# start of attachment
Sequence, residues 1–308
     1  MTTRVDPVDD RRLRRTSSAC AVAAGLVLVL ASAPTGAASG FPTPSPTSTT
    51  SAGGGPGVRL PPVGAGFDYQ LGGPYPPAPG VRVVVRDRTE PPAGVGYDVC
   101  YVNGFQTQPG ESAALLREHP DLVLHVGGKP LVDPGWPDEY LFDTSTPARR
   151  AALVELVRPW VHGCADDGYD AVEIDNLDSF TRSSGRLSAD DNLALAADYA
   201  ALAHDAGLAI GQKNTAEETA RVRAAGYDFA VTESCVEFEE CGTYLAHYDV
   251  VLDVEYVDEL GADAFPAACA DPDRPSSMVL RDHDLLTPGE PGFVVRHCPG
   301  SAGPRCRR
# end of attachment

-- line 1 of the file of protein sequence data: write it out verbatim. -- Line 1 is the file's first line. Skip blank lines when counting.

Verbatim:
Sequence, residues 1–308